It’s Electric at Fleet Science Center offering hands-on learning for the whole family in 16 interactive stations. In addition to individual experimentation, guests have the opportunity to view live Tesla coil demonstrations. With its lightning-like discharges and sizzling noise, visitors will get to see a Tesla coil in action as it takes an already existing electric current and amplifies the voltage-by approximately 100,000 volts-and discharges it on the aluminum torus at the top of the secondary coil, showing colorful brush discharges. Tesla coil demonstrations last approximately 15 minutes and are performed at the Fleet daily.
The exhibits of It’s Electric are designed to engage visitors in the many fascinating facets of electricity, including:
Basic Batteries. Visitors will have a chance to become a “battery” by placing their hands on two of the four metal plates. They then become the electrolyte connecting the two electrodes, causing movement in a meter.
The Plasma Tube. In this station, visitors will create lightning in a tube! A tube is filled with a mixture of gases that react with electricity from the central electrode to produce “plasma lightning.” Visitors will watch in awe as the lightning spirals outward in tendrils of purple, pink and blue.
The Jumping Ring. Watch a ring jump back and forth along a tall arch! With the help of a button, visitors create alternating currents in coils to produce an alternating magnetic field. The magnetic field of the coil and ring are in opposite directions, pushing the ring away from the coil on which it is resting.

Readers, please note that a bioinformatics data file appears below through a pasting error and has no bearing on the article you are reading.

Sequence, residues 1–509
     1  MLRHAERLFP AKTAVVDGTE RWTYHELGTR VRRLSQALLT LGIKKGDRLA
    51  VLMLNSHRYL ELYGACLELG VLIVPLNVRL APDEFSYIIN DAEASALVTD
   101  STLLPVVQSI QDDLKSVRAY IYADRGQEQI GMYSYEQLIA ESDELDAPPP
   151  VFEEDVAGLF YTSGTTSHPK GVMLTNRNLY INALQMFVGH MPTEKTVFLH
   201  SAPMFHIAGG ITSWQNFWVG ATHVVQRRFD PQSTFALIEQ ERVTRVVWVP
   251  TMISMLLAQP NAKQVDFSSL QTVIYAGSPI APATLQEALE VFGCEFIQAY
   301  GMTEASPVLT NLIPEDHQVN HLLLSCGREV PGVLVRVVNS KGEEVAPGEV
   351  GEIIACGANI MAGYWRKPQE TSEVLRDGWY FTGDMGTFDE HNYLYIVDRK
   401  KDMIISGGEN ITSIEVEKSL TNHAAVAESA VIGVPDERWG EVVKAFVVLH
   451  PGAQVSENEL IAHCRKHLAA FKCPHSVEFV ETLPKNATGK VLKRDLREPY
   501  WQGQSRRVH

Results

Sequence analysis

The Solenoid. This station shows a type of electromagnet whose purpose is to generate a controlled magnetic field. By pushing a button, visitors create a magnetic field, which then moves a magnetic rod through a copper spool. This pools enough energy to create a magnetic field strong enough to hold the heavy rod up.
Make the Lights Turn On. When electricity in a coil creates a changing magnetic field it creates electricity in a second coil. Visitors experience this first-hand by lifting a coil until the lights above turn on. Once the coil is lifted, electricity is being transferred to the bottom or secondary coil.
As visitors go through the stations, they can safely examine concepts including static electricity, live current, attraction and repulsion, sparks, voltage, AC/DC, telegraphs, and transmitters.